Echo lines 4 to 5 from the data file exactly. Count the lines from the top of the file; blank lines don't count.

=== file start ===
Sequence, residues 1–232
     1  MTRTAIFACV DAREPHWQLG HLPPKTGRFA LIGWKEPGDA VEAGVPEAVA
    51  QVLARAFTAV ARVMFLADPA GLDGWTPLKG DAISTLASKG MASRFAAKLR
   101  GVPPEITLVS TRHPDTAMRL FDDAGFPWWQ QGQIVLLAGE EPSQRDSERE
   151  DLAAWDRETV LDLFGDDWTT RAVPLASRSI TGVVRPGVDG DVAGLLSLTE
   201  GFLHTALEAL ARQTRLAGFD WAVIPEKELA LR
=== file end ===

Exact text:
   101  GVPPEITLVS TRHPDTAMRL FDDAGFPWWQ QGQIVLLAGE EPSQRDSERE
   151  DLAAWDRETV LDLFGDDWTT RAVPLASRSI TGVVRPGVDG DVAGLLSLTE